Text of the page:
Happy Tuesday! I must admit…I LOVE St. Patty’s Day, not just because it’s my Mom’s (Hall) birthday, but because of all the festivities that come along with it! I also LOVE Corned Beef and Cabbage…call me weird, but probably one of my favorite meals…which I only eat once a year, if I’m lucky.
What You Need ::
1 corned beef brisket with spice packet (1 pound)
1 medium onion, sliced
4 cups water
1/2 cup unsweetened apple juice
2 tablespoons brown sugar
1 teaspoon finely grated orange peel
1 teaspoon prepared mustard
1/8 teaspoon ground cloves
1/2 small head cabbage
4 medium carrots, cut into 3-inch pieces
Place brisket and contents of spice packet in a large saucepan. Add onion, water and apple juice. Bring to a boil. Reduce heat; cover and simmer for 1-1/2 to 2 hours or until meat is tender.
Transfer brisket to an 11-in. x 7-in. baking dish coated with cooking spray; reserve cooking liquid. Combine the brown sugar, orange peel, mustard and cloves; rub over meat. Bake, uncovered, at 350° for 15 minutes.
Meanwhile, cut cabbage into four wedges, leaving a portion of the core attached to each wedge. Add cabbage and carrots to cooking liquid. Bring to a boil. Reduce heat; cover and simmer for 15-20 minutes or until tender. Thinly slice corned beef; serve with vegetables.
What You Need ::
1 cup all-purpose flour
1 tablespoon brown sugar
1/4 teaspoon baking powder
1/4 teaspoon baking soda
1/4 teaspoon salt
4-1/2 teaspoons cold butter
1/3 cup buttermilk
3 tablespoons raisins
In a small bowl, combine the flour, brown sugar, baking powder, baking soda and salt. Cut in butter until crumbly. Combine egg and buttermilk; stir into crumb mixture just until moistened. Fold in raisins.
Turn onto a lightly floured surface; gently knead 6-8 times. Shape into a 5-in. round loaf. Place on a baking sheet coated with cooking spray.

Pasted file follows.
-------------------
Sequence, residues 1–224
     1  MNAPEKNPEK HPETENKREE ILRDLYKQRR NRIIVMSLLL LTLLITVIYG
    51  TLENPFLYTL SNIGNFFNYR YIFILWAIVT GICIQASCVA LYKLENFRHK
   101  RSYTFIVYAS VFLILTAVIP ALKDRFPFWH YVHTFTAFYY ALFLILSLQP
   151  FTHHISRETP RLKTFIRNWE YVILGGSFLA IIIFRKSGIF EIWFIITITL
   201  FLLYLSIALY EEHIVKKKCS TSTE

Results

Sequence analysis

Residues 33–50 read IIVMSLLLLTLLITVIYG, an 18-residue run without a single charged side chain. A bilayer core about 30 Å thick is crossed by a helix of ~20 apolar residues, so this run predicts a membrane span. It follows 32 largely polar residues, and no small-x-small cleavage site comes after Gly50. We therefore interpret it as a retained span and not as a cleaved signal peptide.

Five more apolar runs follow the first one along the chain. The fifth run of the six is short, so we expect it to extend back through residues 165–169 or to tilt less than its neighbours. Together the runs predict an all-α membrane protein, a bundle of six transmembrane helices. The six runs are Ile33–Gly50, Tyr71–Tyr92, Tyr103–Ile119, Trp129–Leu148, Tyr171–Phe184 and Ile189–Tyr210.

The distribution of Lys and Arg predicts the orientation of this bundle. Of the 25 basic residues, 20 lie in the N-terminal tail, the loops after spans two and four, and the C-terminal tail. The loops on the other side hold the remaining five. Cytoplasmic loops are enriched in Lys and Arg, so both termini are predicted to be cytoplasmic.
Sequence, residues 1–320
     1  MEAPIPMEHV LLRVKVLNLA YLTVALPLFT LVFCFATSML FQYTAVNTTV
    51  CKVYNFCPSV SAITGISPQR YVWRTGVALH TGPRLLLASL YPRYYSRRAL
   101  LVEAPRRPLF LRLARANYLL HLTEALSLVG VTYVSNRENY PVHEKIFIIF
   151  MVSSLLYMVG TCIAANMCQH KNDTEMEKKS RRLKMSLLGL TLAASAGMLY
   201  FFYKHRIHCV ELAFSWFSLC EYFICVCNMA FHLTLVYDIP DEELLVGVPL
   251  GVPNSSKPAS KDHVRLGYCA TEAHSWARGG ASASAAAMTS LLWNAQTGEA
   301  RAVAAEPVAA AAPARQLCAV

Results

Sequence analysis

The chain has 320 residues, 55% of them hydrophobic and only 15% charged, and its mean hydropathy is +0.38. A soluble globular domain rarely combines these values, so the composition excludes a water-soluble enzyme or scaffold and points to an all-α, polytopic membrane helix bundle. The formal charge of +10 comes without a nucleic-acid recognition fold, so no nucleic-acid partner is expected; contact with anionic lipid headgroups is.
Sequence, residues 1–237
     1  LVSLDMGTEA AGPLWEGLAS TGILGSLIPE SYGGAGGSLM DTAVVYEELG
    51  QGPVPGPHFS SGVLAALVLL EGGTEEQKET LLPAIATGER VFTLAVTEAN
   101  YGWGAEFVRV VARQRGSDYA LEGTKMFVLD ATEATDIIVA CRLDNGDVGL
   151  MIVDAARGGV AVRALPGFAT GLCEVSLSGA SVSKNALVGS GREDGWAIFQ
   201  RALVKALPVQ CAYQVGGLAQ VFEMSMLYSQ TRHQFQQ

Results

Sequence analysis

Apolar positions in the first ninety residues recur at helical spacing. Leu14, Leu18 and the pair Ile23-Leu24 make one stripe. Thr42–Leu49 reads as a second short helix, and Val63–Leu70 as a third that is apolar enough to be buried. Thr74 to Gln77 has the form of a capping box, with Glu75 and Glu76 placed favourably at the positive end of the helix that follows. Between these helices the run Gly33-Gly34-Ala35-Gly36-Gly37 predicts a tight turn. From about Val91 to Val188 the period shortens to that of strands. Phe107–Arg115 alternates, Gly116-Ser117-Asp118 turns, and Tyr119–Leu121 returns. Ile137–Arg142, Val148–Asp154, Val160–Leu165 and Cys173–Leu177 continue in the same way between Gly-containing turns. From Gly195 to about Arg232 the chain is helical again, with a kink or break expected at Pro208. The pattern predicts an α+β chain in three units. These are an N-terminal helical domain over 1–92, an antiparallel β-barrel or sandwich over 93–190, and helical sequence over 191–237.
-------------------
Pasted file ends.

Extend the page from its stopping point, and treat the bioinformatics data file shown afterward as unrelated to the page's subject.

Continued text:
Using a sharp knife, cut a 1-in. cross about 1/4 in. deep on top of loaf. Bake at 375° for 18-22 minutes or until golden brown. Cool on a wire rack. Yields: 1 loaf (4 slices).
Guinness isn’t the only Irish Beer, ya know…
For those of you who are Irish or merely aspire to be, is a guide to those essential elements in any Celtic revelry: Irish stout, ale, and porter.
Joe’s Bar down the street may be serving green lager this St. Patrick’s Day, but in Ireland the color of beer year-round is black—as in dry, roasty stout, the Blessed Trinity being Guinness, Murphy’s, and Beamish. Poured slowly, to allow the prized creamy head to form, these three beers are as emblematic of Eire as shamrocks and Celtic crosses.
By far the best-known black beer the world over, Guinness is considered by some to be the standard by which all other stouts are judged. Others, like myself, may suggest that its character has been dulled over the past decade and a half. Regardless of your view, however, it is still a fine, dry, appetizing pint.
Poorer County Cork cousins to that Dublin-brewed juggernaut, Beamish and Murphy’s represent two different takes on the Irish-stout style—the former more roasted and firmer than Guinness and the latter more malty and a bit chocolaty. For oysters on the half-shell or smoked salmon, choose Beamish or Guinness, but with roasted or grilled meats from pork to beef, try the Murphy’s.
Luck of the Irish, to ya!
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